First published in Kashmir Reader and Express Tribune on 25 March 2016:




A Dialogue on Time

This is a random dialogue between a half-baked philosopher and a half-baked scientist on the concept of Time:
P: There is space, but there is no time; time is just a concept for convenience; it’s the grandest illusion of all that human beings have ever conceived of.
S: But isn’t it proven by science. Thousands of scientific treatises have talked about space and time.
P: I don’t deny there is space, there is space; it has material, empirical reality and it exists. But time has no material reality as it is just an abstract conception.
S: So, do you mean the concept of time as 4th dimension is not correct?
P: Yes. It is hokum!
S: How can you prove that time does not exist?
P: You don’t prove anything about something which is non-existent in the first place; you deconstruct the idea behind it and you approach the word that expresses the concept.
S: What is your idea of time then?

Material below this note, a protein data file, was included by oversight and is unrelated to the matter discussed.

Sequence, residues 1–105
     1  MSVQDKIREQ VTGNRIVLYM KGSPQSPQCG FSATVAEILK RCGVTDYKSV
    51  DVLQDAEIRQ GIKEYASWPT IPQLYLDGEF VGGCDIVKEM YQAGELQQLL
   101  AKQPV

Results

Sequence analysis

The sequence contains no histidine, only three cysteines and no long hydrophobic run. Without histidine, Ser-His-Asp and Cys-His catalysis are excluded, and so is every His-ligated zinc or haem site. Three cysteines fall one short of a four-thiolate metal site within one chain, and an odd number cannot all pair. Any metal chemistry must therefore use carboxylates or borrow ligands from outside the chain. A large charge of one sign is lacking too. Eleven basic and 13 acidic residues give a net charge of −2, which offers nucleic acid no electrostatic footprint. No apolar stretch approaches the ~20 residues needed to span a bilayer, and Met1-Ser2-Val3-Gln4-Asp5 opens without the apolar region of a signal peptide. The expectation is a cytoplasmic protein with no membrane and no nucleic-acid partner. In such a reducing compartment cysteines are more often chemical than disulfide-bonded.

P: I believe it is a concept to order our understanding of the world around us and to order our messy world; without this concept we would feel lost.
S: This is not a precise explanation, it is just an abstract opinion. You still do not convince me about the non-existence of time.
P: Can you convince me of its existence?
S: Yes, i can. Imagine your family came to the town in the 18th century. Through the succession of your forefathers came you in the 21st century. That means your family has been in this town for 300 years. A long time, in other words.
P: Hmm….
S: You seem to be not convinced still. Let me give you another example. A more scientific one. Imagine sun is millions of light years away from the earth, that is a distance, but it takes 8 minutes for sunlight to reach us, that is time.
P: That is the illusion I am talking about. What you call as “time” is your concept of how physical entities behave, change shape or grow in the space. Now let me illustrate: the basic unit of time, for the sake of argument, is second. How you measure this unit?